Now that may well be true—indeed, it’s a weird enough excuse to have a ring of authenticity to it. But it’s also the type of thing you can hear as sales manager saying to a junior grade: “Just tell him you sold it to some little old lady in Alaska.” Erin took this, I’m sure, as further evidence that car dealers can’t be trusted, or at least that this one can’t, and she may be right. I’m inclined to think that Mr. Junior Grade got excited about having actual cars to sell and get a commission on, and he made a mistake. Ultimately, I didn’t care. Silver was fine with me. Junior Grade Tony, in the most wonderfully indicative phrase of our brief association, ended our phone conversation by thanking me “for being understandable.”

Getting the Car
Erin and I hauled the kids with us down to the Honda dealer to get the car. I hung out with them in the spacious upstairs guest lounge while Erin took a test drive of the Fit—the first for either of us—with Tony. She seemed to like it. It’s funny about women and cars. I think all she wants is reliable transportation from A to B and a radio to boot. Me? I’m stoked that the driver has 3 cup holders, that the iPod will play through the stereo via a USB jack in the glove box, that it’s got crazy-awesome fold down seats, and on and on. She assures me that she’s excited about all those things too, but surely we’ll agree I’m more demonstrative in my enthusiasm. Anyway, successful test drive.

Then the paperwork nightmare. Our $500 deposit? Not on their paperwork. The $250 Costco discount? Not on their paperwork. So Tony fixed it all up. Purposeful omissions or incompetence? I don’t know where Occam’s Razor comes down on this one.

We verified all kinds of information for them. They even ran a credit score (803—Woot!)—and tried to offer us financing at least three times. I was very happy to have set up financing through USAA previously. The dealer’s 3.99% APR offer from our August visit was beaten by USAA’s 3.25% APR. Now, when I’m just about to buy a car, they’re telling me that they can “save me some money on financing.” Well, if that were true, they should have started with their best offer. But they’re not going to give their best offer first, because if you’ll take 3.99% so much the better for them. Who is the dealer looking out for here? Right. Not the customer.

Finally Tony turned us over to the sales manager, Mark (who Tony called “The Bossman”), who proceeded to come over and talk at us with the speed of an auctioneer. Blah-blah-blah-and-all-you-need-to-do-is-to-sign-this-paper-here-saying-you-agree-to-buy-the-2012-Sport-Fit-at-this-price-and-you’ll-be-ready-to-go. It was, on some level, a truly remarkable performance. The very force of his words and personality left me momentarily stunned. I kid you not, I would almost be willing to pay the man to talk at me again just so I could feel that wave of confusion wash over me one more time.

Up to this point everything, however occasionally distasteful, I’d seen with perfect clarity; I knew what was going on. The Sales Manager does 15 seconds of rapid fire babble and, literally, for 5 to 10 seconds, I don’t understand what’s happening. It’s almost like he could have been talking in Greek. As I say, I’d almost like to experience it again just so I could try to figure out what he did.

I’m pausing here to expound on this for the following reason: I’m a business person, and I deal with people and money frequently in the course of my work. If I could be thrown into even temporary confusion, I pity the souls who don’t have any business acumen. This guy could fleece them like sheep, which he probably does. If you ever find yourself in any contractual situation where you don’t understand what is going on, take a timeout. And make sure that the paper you’re about to sign says what you think it should.

Because, interestingly, the Bossman’s paperwork didn’t have our $500 deposit even though Tony had supposedly fixed that. And the $250 Costco discount wasn’t in the paperwork either, a fact which, when we pointed it out, led to the following spectacular exchange:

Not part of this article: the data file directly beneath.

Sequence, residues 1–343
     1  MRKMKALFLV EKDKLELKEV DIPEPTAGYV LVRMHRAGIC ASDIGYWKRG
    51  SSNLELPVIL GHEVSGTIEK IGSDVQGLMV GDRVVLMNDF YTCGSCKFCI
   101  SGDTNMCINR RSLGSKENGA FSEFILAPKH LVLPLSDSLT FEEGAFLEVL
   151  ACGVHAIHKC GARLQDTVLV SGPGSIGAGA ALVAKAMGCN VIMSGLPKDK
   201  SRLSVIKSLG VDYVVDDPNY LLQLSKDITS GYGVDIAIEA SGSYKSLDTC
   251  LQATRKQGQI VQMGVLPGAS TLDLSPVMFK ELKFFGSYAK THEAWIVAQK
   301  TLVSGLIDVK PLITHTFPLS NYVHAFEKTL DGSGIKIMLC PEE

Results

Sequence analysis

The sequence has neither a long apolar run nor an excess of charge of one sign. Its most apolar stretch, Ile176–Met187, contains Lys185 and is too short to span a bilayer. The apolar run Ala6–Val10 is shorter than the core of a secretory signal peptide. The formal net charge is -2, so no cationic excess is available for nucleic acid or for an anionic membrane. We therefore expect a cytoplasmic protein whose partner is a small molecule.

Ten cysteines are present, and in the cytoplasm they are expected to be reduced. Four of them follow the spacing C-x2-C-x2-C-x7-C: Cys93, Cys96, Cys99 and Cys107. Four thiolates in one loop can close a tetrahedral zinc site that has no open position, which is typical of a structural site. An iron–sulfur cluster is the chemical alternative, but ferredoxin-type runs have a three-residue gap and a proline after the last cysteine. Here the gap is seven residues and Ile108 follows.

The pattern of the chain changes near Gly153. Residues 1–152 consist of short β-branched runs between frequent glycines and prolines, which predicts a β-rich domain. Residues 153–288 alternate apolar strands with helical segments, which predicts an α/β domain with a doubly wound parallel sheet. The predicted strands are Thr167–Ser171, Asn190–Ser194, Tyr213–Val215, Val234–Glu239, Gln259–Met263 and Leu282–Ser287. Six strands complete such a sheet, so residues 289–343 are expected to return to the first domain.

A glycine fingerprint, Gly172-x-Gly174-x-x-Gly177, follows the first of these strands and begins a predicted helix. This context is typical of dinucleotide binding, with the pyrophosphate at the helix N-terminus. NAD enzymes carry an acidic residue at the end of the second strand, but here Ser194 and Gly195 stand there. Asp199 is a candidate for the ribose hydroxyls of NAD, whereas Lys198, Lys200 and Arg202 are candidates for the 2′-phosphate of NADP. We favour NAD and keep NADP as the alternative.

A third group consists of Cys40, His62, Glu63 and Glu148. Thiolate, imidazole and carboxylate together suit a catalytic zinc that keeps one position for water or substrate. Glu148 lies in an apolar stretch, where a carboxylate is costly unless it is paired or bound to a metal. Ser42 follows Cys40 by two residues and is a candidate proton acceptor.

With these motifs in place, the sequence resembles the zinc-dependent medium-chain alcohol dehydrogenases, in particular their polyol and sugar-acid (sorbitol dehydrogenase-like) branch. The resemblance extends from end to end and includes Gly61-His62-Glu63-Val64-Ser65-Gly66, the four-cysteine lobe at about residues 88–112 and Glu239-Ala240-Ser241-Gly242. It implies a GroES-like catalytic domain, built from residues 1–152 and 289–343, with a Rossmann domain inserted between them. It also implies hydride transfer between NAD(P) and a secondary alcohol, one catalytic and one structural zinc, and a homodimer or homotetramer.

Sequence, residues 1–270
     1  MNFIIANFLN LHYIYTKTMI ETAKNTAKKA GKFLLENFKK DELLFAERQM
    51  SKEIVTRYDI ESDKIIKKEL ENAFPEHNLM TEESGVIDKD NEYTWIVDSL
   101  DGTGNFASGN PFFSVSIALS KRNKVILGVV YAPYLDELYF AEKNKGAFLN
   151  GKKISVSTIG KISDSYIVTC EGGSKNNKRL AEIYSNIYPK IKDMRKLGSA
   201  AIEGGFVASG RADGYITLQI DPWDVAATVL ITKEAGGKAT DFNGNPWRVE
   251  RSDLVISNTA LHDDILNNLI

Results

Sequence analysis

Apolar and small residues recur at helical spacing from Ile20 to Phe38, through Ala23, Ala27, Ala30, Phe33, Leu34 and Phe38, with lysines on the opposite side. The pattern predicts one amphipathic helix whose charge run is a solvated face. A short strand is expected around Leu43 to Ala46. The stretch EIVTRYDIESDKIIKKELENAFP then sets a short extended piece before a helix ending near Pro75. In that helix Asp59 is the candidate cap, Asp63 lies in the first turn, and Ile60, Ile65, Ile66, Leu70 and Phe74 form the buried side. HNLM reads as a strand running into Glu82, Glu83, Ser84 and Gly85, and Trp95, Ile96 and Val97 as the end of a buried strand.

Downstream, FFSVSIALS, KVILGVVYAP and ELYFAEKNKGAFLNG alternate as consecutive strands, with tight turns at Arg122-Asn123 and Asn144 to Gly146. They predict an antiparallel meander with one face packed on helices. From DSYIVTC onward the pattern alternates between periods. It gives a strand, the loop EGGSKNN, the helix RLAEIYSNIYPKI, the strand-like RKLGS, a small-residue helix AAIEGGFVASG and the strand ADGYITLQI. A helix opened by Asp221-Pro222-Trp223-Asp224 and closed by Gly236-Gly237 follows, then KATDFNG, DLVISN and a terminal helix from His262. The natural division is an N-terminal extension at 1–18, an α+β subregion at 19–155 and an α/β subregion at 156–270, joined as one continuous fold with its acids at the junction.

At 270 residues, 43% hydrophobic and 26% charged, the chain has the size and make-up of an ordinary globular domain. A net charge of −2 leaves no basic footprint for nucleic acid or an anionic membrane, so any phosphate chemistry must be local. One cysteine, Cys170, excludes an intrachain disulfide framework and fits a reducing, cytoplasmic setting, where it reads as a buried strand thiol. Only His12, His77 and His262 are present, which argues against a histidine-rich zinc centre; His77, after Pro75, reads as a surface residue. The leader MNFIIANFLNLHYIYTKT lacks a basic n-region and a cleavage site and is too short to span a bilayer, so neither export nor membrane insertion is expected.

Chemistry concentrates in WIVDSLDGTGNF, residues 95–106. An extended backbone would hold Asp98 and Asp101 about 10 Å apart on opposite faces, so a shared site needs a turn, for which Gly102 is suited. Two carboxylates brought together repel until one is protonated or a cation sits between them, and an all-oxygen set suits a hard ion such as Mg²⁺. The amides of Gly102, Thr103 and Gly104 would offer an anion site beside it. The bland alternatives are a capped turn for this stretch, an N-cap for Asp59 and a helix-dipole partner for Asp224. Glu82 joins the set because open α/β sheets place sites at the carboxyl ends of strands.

Mark (gruffly): “The Costco discount doesn’t apply to 2012 models. It’s only for 2011s.”

Ty: “That’s not what we were told.”

Mark (aggressively): “Who told you that?”

Ty (looking at Junior Grade Salesman Tony): “Oh, hi.”

Mark storms off.

Tony, running off after Mark: “Don’t worry. I’ll fix this.”

Honestly, it was like being part of a real life comedy show. Mark was clearly just so disgusted that Tony couldn’t upsell us anything (financing, accessories, warranty, etc.) and that he had to give us a $250 discount on top of that, that he just walked off in a huff. I don’t think we even saw him after that. Which was OK by me. I don’t think he likes people. Hell, I don’t think he likes himself.

Importantly, Erin and I were in immediate accord: If we hadn’t gotten the Costco discount at this point, we would have walked. The $500 deposit was on a VISA, so I could have still disputed it if necessary. But I think it was clear, to Tony at least, that if he wanted the sale, he was going to have to give us the Costco discount. And what’s more I’m not sure that they would’ve had a lot of choice: Costco’s auto buying service has to be worth something, or why use it? If I’d walked out, I’d be sure to be talking to Costco and they’d be talking with the dealership and, potentially, Honda itself.

After the Mark episode, we were handed over the finance guy who made us officially decline all the warranties, protectants, sealants, and every other possible upsell. He filled out the DMV paperwork and took care of the final contracts which included the official sales price. As you might have guessed by this time, the price was incorrect and did not include our $500 deposit (though it did, interestingly, include our Costco discount). The finance guy told us that even though the number was wrong, we could go ahead and sign. “We’re not crooks,” he said, and I remember thinking (1) it’s always bad sign if you’re forced to make that claim and (2) that sounds mighty similar to Nixon. We insisted that the finance guy print up a new contract, a correct one this time, which we reviewed carefully and signed.

At the end of the day, I really love the car. I continue to think Honda’s engineering and design are amazing. If you’re a member, I recommend checking out the USAA and Costco auto buying services. I recommend buying your Honda accessories through College Hills Honda and having them installed by a trusted mechanic. I trust and recommend Valley Specialists. I would not use again and do not recommend the Honda automative dealership in Salem. But I do really love the car.